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5 Ways to Improve Core Strength & Rotational Power with the Woodchop

Written by: Nick Jack
Category: 2014
on 11 September 2020
Hits: 5225

The wood-chop is an amazing exercise for improving athletic performance, core strength and rotational power as seen in sports like golf and tennis.  However, its value is not limited to those who play sports, for rotational movement is a critical part of daily life and something we should be trying to maintain and improve. Learning rotational exercises can be difficult for it is one of the movements that must be trained at a relatively high speed in order to get it right, and with so many moving parts it is easy to make a real mess of it. In this article I show you how to break this down with very easy exercises and gradually build up to the more complex and functional exercises that produce great results.

Why Is Rotational Movement So Important?

Exercises and movements that emphasise rotational movement are some of the best ways to strengthen the core muscles and utilise the myofacial slings. Without rotation we would all move like robots! Even the simple task of walking requires some degree of rotation at the hips and thoracic spine to create a spring like effect to propel us forwards. Unfortunately for a large percentage of the population they do move like robots as their hips and thoracic spine has stiffened due to sitting for long periods, lack of exercise, and ignorance to moving correctly.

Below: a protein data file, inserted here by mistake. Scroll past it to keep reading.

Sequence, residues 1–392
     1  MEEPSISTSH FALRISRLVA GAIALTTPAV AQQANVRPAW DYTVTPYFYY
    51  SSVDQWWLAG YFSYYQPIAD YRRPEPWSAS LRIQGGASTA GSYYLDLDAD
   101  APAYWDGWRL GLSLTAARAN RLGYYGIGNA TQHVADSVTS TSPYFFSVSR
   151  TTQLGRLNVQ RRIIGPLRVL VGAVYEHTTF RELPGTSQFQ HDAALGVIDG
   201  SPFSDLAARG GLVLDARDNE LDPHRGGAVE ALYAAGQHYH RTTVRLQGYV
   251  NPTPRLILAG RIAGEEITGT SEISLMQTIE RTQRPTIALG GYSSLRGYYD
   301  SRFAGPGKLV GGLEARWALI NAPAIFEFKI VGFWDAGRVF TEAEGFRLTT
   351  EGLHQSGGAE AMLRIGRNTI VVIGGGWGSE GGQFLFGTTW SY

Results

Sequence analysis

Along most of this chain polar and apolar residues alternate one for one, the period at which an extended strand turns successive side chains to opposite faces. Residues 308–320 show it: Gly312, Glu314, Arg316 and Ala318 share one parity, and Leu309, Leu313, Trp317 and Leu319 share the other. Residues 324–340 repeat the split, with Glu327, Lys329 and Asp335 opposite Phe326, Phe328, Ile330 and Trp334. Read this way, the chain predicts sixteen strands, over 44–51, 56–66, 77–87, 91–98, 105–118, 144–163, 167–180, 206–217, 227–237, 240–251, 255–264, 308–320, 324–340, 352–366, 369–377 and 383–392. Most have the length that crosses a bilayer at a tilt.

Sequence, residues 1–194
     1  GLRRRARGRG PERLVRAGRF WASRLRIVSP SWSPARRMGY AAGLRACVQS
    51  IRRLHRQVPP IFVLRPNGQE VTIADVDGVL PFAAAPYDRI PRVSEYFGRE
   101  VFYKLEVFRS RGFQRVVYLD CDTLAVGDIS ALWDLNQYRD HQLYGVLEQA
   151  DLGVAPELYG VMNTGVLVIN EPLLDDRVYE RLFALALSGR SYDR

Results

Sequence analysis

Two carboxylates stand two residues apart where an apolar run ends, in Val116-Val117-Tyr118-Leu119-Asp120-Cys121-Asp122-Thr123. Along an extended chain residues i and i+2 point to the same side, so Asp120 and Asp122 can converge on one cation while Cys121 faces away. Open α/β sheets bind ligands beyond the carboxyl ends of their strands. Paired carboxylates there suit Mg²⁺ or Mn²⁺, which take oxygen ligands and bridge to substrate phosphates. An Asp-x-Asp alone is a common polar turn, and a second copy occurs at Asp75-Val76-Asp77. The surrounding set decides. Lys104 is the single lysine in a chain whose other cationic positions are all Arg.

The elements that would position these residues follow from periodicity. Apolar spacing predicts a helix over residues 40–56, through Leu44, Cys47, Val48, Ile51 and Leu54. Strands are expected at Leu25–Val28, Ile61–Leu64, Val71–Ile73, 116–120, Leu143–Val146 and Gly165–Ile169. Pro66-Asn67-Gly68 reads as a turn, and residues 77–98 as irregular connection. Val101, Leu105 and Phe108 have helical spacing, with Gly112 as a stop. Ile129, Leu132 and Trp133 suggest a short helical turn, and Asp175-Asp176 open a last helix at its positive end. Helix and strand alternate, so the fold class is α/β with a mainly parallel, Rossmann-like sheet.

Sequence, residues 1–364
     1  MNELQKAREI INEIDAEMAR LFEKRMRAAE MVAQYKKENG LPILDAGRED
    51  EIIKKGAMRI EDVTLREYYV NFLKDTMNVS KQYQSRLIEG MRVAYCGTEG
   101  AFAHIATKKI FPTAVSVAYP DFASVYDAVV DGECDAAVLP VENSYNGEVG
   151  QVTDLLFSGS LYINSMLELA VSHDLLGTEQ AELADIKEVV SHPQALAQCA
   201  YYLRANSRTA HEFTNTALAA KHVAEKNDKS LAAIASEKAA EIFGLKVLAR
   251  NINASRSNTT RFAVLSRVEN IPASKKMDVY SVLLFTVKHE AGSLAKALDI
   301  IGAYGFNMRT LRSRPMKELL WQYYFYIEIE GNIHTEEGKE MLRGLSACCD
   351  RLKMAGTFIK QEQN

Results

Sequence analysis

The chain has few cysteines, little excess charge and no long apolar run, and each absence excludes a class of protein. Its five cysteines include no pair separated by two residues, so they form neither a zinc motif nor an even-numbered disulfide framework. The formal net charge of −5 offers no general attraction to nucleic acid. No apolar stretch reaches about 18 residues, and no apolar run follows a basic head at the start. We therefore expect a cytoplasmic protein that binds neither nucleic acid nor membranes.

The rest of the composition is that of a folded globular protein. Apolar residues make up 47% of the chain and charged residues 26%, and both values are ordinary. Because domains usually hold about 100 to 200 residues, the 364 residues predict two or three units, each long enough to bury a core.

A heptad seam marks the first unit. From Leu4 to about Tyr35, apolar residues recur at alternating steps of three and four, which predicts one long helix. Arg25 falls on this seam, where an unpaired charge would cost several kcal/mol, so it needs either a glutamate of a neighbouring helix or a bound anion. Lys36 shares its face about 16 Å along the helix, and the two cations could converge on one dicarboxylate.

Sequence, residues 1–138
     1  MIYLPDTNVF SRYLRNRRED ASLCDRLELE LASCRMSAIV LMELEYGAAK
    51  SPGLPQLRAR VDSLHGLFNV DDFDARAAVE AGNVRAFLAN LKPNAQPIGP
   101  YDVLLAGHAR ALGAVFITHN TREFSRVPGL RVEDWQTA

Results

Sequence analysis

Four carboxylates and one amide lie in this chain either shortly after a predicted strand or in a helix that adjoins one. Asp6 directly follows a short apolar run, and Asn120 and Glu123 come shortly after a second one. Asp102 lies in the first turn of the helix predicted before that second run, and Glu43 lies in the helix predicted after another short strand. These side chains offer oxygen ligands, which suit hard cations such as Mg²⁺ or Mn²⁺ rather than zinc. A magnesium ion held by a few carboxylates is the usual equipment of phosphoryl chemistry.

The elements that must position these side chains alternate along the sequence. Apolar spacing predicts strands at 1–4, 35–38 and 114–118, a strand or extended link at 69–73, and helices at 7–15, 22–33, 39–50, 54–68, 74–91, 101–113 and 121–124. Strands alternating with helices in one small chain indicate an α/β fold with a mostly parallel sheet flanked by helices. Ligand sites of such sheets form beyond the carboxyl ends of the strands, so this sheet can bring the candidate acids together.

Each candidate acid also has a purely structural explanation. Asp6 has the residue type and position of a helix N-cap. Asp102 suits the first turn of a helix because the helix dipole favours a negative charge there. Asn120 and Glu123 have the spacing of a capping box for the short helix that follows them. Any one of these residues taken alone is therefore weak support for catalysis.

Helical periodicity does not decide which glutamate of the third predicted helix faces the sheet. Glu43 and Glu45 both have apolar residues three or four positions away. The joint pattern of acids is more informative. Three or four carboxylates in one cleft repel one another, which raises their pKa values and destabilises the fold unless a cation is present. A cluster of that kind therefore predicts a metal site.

This is seen very clearly with anyone who suffers with back pain. In order to protect their lower back they stiffen their body right up and avoid rotational movement altogether which seems like a good strategy at first, but in the long term sets them up for more pain.

Some doctors and therapists tell people rotational and twisting exercises are bad for your back. This is absolute rubbish and the first thing I would say to that is show me how to walk without rotation. And secondly why are all the professional golfers and tennis players not crippled with back pain? This is where a bit of information is taken out of context and explained by a person who does not understand human movement at all.